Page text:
Sunday, December 24, 2017
This prior post discussed holiday gifting of marijuana, and this article (which has a headline serving as part of the title of this post) provides another distinctive seasonable perspective on how modern marijuana reform echoes through various parts of modern life. Here are highlights:
Services at the Coachella Valley Church begin and end with the Lord’s Prayer. In between, there is the sacrament. “Breathe deep and blow harder,” intoned Pastor Grant Atwell after distributing marijuana joints to 20 worshipers on a recent Sunday. “Nail the insight down, whether you get it from marijuana or prayer. Consider what in your own life you are thankful for.”
A man wearing a “Jesus Loves You” baseball cap and toting a shofar, piped up. “Thank you, God, for the weed,” he called out. “I’m thankful for the spirit of cannabis,” a woman echoed from the back. “I am grateful to be alive,” said another young woman, adding that she had recently overdosed — on what, she did not say — for the third time. The small room, painted black and gold and decorated with crosses and Rastafarian symbols, filled with pungent smoke after an hour-long service of Christian prayers, self-help slogans and inspirational quotes led by Atwell, a Campbell, Calif., massage therapist and photographer.
Despite its mainstream Christian trappings, the Coachella Valley Church describes itself as a Rastafarian church, which is tough to define. Originating in Jamaica and combining elements of Christianity, pan-Africanism and mysticism, Rastafari is a political and religious movement with no central authority. Adherents use marijuana in their rituals. The church’s leaders claim that religious freedom laws give them the right to offer marijuana to visitors without a doctor’s recommendation or abiding by regulations. Some authorities beg to differ.
As more states ease access to marijuana, churches that offer pot as a sacrament are proliferating, competing with medical marijuana dispensaries and pot shops in the few states that have legalized recreational weed. While some claim Rastafari affiliation, others link themselves to Native American religious traditions.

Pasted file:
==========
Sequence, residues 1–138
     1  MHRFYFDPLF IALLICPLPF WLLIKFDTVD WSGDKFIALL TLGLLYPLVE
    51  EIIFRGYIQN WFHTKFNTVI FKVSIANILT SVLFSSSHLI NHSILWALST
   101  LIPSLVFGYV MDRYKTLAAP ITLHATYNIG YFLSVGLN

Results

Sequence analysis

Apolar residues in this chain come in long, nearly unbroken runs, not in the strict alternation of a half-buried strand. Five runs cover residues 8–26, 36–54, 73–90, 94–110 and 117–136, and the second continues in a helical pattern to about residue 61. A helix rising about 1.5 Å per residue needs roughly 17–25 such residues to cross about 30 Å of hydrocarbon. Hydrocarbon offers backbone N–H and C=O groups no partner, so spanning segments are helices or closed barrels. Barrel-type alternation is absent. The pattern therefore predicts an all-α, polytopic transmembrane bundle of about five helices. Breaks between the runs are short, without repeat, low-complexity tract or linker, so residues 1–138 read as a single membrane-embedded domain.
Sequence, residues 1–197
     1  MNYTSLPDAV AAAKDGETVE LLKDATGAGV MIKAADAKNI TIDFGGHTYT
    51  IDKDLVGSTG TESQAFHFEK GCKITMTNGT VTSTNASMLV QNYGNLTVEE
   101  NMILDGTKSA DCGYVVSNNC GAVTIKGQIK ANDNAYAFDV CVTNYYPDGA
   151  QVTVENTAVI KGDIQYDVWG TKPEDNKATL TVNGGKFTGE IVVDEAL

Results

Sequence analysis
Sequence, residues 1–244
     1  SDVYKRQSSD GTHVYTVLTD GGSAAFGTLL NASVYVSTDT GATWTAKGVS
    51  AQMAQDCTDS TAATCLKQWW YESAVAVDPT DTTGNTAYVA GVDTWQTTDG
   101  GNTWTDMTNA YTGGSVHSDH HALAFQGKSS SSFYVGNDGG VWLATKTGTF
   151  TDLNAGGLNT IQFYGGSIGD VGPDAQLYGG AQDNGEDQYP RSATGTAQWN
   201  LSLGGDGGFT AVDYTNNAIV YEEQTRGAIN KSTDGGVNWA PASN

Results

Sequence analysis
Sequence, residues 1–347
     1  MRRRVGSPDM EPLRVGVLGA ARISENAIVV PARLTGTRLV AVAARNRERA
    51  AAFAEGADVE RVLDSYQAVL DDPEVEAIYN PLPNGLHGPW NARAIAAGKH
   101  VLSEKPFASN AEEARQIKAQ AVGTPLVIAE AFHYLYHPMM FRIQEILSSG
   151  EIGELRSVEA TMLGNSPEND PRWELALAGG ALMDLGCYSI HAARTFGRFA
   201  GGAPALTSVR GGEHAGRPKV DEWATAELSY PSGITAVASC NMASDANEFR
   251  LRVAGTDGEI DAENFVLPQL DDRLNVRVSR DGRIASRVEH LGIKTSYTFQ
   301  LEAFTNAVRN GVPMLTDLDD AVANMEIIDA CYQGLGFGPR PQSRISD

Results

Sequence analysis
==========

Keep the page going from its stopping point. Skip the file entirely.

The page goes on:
The churches are vexing local officials, who say they’re simply dispensaries in disguise, skirting the rules that govern other marijuana providers, such as requirements to pay taxes.
In California, which legalized medical marijuana in 1996 and is preparing for sales of recreational marijuana to begin Jan. 1, churches tied to marijuana use have recently popped up in Oakland, Roseville, Modesto and San Diego, Orange and Los Angeles counties. A few have been shut down by law enforcement. “I’m not going to say they’re not churches, but to the extent that they’re distributing marijuana, they’re an illegal dispensary, in my view,” said San Jose City Attorney Rick Doyle....
Nationally, such churches have opened in Indiana, where marijuana remains illegal, and Michigan, where medical marijuana is allowed. Even in Colorado, which legalized pot in 2012, the “International Church of Cannabis” is testing the limits of state and city rules on consuming marijuana in public. Marijuana churches typically require people to purchase a membership, then give or sell them marijuana and related products. They may ask for ID such as a driver’s license but don’t require a doctor’s recommendation or medical marijuana identification card.
The churches rely on court rulings that made it possible for some groups, including Native Americans, to use federally banned drugs like peyote in religious ceremonies. Despite these rulings, courts have thus far rejected religious groups’ right to use marijuana, still illegal at the federal level, said Douglas Laycock, a University of Virginia Law School professor specializing in religious liberty issues. Yet, he said, as more states legalize marijuana, courts may regard marijuana churches’ rights more favorably.
“Legalization changes everything,” Laycock said. “Religious use may not violate state law in some of these states. And if it does, legalizing recreational use but not religious use clearly discriminates against religion.”